The main struggle with this stage of the design process was achieving a hand design that did not look too organic, yet still suitable as Iron's hands; from thumbnail 134 onwards the claw from 'grabber' machines became an important hand influence. For clarity the head shape has been outlined within the silhouettes. My favourite thumbnails are 141 and 143.

Iron Thumbnails 109-144

New Influences

Tuesday, 13 October 2015

[Minor Project] 06: Iron Character Thumbnails 94-108; Profile Silhouettes 03

Phil recommended converting Iron's legs to either short wind up toy-like legs, or replacing them entirely with caterpillar tracks, or something of that appearance; my favourite thumbnails are 100 and 103.

Iron Thumbnails 94-108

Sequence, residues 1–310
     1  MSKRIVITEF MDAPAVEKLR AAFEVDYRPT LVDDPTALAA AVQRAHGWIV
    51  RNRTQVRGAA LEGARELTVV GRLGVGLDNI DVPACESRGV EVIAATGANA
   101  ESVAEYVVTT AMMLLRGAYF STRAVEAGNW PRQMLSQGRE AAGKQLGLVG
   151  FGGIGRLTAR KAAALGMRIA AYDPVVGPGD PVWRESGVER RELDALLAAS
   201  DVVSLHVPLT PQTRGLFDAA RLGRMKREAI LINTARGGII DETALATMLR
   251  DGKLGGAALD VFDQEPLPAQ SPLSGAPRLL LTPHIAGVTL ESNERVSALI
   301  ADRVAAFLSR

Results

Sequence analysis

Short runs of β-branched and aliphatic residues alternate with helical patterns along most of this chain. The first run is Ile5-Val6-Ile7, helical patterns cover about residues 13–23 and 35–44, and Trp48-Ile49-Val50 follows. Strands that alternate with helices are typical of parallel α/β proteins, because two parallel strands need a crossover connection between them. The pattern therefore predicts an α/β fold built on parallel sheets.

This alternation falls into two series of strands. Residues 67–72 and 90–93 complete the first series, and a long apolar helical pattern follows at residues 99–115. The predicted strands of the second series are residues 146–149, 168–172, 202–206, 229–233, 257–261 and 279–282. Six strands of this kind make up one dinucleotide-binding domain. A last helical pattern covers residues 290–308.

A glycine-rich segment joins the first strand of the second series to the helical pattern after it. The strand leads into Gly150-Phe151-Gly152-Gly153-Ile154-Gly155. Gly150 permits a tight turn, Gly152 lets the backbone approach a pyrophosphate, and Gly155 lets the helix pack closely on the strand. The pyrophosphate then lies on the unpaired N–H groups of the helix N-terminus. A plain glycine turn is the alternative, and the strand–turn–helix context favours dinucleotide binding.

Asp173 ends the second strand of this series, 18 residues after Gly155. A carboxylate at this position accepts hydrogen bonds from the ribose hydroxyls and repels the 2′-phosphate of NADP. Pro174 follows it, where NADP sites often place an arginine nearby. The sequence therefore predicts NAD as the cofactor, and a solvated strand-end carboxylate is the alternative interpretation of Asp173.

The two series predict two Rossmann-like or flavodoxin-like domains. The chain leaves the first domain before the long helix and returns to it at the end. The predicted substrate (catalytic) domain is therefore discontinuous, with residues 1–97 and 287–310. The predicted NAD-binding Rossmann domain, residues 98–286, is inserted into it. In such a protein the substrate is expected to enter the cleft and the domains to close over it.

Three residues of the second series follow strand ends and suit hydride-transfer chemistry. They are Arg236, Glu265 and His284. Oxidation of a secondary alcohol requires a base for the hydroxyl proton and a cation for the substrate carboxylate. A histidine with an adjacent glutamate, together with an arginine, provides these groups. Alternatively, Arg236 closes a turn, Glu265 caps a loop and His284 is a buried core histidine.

New Iron Influences: Caterpillar Tracks

Saturday, 10 October 2015

[Minor Project] 05: Iron Character Thumbnails 86-93; Profile Silhouettes 02

I plan to take forward thumbnail 91, however I would happily take forward 92 instead, as long as the smaller head, longer legs & thinner torso do not remove from the strength aspect of Iron's design.

Iron thumbnails 86-93

Friday, 9 October 2015

[Minor Project] 04: Iron Character Thumbnails 75-85; Profile Silhouettes

After Phil's feedback on my previous post, I have revised my approach to Iron's silhouettes and have designed this batch in a profile view and reduced the complexity of my geometry to better suit my previously created characters. 
My favourites are 80 and 85.

Iron thumbnails 75-85

Expanded Iron influence map

Saturday, 3 October 2015

[Minor Project] 02: Iron Character Thumbnails 01-39 and Influence Map

01-18 focus on the head, my preferences are 15 & 18. 
19-22 focus on the head & chest, with my preference being 22.